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PITCHING SECRETS

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George Sisler, who hit .420 in 1922 and had a lifetime batting average of .340, "would simply feel a sense of sorrow," Branch Rickey once said, "for anybody who disagreed with him about hitting." The estimable Mr. Rickey did not live long enough to find out what Sisler and his son George Jr. felt about another of baseball's arts, pitching. It is a talent, they have concluded, that has been much misjudged.

For four years George Jr., who is president of the International League, has studied methods for evaluating the effectiveness of pitchers. He decided that there were few worse measuring sticks than the earned run average. "The ERA fools a lot of people," he says, "because in many cases it is affected by the manager. A pitcher might work for a manager who tends to go too long with him; the fate of another might rest in the hands of a man with a quick hook but a weak bullpen."

So Sisler and his father developed their own system for ranking pitchers. The results, which appear below and on the following pages, are somewhat startling. Herb Score, for instance, with barely more wins than losses, is seventh on the alltime list. Dick Selma, 8-9 with the Phillies in 1970, was the second most efficient pitcher in the National League according to the Sislers. The most efficient in either league in 1970 was a player who was almost unknown, Tom Hall of the Minnesota Twins. Hall won 11 games and lost six, but the Sisiers figured he was worth many more points than teammate Jim Perry, who was 24-12.

All of which might suggest that there is something frivolous about the Sisler ratings. But there isn't. The numerical values represent a combination of performance and potential. While the Sisiers will not divulge their precise formula, they admit that they take into consideration earned run averages and wins and losses. "But," says George Jr., "those only tell you what kind of team a pitcher plays for, not how good he is. But walks are important, very important." Beyond that he refuses to go.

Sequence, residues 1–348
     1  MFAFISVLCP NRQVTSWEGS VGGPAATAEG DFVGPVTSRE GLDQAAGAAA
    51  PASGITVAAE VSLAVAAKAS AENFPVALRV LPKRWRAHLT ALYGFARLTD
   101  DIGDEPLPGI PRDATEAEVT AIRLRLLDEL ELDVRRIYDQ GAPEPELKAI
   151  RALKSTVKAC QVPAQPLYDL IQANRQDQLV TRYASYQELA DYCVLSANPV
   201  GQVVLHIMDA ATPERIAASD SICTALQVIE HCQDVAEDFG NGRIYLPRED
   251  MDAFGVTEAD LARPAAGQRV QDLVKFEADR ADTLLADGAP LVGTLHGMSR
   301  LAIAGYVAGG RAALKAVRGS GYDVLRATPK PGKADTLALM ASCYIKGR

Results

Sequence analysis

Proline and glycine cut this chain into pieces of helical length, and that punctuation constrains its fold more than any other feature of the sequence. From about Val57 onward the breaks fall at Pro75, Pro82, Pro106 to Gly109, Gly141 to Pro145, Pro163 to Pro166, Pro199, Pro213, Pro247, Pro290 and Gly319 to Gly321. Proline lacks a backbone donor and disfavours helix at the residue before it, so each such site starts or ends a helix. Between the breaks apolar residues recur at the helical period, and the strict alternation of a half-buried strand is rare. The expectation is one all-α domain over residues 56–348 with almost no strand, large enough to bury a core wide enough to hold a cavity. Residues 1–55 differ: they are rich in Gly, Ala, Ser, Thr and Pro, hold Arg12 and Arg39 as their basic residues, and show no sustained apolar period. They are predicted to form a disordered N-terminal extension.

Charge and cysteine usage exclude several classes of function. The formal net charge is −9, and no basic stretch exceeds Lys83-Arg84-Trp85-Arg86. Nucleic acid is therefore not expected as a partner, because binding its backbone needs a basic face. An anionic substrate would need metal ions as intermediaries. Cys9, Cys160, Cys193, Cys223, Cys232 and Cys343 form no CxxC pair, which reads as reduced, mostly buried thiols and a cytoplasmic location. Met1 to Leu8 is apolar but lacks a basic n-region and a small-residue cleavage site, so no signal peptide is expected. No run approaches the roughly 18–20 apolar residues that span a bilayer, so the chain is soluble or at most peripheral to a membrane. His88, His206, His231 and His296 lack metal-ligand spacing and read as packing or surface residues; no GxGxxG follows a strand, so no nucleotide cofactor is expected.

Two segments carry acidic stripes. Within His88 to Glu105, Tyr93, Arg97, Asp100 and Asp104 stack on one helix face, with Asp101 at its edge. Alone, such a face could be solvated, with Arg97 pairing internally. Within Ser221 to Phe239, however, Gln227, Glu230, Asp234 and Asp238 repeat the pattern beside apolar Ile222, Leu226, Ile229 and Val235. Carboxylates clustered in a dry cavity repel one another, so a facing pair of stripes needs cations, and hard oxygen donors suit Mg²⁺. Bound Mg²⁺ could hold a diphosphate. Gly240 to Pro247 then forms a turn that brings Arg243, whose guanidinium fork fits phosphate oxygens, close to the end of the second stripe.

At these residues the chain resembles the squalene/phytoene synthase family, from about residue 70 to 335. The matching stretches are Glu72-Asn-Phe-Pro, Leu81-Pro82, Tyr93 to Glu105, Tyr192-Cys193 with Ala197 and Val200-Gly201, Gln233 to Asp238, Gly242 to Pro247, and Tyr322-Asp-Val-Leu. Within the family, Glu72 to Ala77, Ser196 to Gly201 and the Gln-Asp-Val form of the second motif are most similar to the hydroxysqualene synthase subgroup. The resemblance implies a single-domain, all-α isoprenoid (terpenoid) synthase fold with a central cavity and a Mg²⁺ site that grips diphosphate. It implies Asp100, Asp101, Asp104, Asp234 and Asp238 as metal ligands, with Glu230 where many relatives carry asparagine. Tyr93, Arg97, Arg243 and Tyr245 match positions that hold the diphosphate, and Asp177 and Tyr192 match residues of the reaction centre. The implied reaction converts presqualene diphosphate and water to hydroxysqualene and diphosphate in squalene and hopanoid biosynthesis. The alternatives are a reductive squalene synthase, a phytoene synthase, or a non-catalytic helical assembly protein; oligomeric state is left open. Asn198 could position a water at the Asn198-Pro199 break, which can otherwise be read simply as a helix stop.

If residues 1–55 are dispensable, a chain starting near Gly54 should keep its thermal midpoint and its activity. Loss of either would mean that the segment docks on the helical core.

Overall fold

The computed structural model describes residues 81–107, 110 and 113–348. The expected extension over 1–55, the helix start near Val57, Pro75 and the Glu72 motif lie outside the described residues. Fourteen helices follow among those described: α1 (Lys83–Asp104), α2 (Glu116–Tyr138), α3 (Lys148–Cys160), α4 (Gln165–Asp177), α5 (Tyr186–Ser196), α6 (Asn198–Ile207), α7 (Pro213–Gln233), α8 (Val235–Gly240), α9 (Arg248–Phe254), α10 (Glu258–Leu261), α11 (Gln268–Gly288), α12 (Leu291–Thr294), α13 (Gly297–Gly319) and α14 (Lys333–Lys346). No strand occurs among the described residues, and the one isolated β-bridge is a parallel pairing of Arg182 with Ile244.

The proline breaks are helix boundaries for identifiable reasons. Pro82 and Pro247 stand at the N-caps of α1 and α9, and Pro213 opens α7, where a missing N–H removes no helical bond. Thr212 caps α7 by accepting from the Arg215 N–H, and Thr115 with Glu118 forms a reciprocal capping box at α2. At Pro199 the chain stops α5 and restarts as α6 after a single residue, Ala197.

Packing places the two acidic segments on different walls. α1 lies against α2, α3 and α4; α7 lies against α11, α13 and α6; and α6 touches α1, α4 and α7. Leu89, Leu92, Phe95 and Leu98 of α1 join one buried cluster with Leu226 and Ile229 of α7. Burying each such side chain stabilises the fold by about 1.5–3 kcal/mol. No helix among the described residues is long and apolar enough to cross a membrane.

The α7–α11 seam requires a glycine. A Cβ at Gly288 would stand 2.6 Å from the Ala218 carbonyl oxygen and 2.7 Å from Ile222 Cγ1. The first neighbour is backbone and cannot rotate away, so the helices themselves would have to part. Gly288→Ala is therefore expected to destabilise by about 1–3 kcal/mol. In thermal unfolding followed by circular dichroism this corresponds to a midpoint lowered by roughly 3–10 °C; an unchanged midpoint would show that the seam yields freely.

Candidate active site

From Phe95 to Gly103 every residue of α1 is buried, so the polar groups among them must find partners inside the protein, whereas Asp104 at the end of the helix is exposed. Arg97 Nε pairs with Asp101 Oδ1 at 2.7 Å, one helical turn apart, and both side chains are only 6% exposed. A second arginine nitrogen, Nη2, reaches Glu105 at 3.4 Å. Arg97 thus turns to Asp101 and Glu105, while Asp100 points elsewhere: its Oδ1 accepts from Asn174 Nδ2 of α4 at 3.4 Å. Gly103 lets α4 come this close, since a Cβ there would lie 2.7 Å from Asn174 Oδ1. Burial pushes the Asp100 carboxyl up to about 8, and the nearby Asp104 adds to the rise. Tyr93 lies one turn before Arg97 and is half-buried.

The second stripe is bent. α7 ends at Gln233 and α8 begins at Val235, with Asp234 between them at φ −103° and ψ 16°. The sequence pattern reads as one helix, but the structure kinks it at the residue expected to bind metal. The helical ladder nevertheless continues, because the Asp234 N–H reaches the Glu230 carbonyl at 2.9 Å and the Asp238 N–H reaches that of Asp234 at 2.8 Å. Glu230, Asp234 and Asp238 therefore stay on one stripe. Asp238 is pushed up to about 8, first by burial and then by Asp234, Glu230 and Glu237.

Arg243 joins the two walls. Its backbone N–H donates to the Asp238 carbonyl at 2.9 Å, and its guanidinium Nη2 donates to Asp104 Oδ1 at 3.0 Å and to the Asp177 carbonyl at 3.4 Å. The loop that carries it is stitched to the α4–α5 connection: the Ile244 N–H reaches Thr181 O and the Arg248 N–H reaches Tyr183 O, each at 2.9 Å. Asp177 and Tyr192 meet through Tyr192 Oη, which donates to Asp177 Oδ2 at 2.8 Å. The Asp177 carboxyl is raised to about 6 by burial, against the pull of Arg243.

Major league teams take the Sisler system seriously, especially the Baltimore Orioles. Harry Dalton, Oriole director of personnel, saw that the 1968 Sisler figures ranked Mike Cuellar, 8-11 with the Houston Astros, as one of the best pitchers in the National League. Baltimore got Cuellar in a trade and he responded by winning 23 games in his first season as an Oriole and 24 in the next. This year the Orioles traded for two more pitchers high on the Sisiers' list—Pat Dobson and Tom Dukes of San Diego. Dobson ranks 15th. Dukes does not appear because he worked fewer than 100 innings, but in those he had 1,130 efficiency points. The Sisiers suspect the well-padded Orioles may have feathered their nest again by heeding George Sr. and Jr.—and ignoring ERAs.

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ILLUSTRATION

THREE CHARTS

ASDUR TAKAKJIAN